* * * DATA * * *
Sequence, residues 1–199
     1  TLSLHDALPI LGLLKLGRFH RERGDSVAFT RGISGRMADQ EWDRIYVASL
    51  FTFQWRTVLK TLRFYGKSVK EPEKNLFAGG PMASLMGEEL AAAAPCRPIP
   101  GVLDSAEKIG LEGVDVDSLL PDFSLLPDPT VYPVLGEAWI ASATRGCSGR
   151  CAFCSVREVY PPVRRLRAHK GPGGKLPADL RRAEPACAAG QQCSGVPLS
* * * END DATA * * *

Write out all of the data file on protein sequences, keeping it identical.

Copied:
Sequence, residues 1–199
     1  TLSLHDALPI LGLLKLGRFH RERGDSVAFT RGISGRMADQ EWDRIYVASL
    51  FTFQWRTVLK TLRFYGKSVK EPEKNLFAGG PMASLMGEEL AAAAPCRPIP
   101  GVLDSAEKIG LEGVDVDSLL PDFSLLPDPT VYPVLGEAWI ASATRGCSGR
   151  CAFCSVREVY PPVRRLRAHK GPGGKLPADL RRAEPACAAG QQCSGVPLS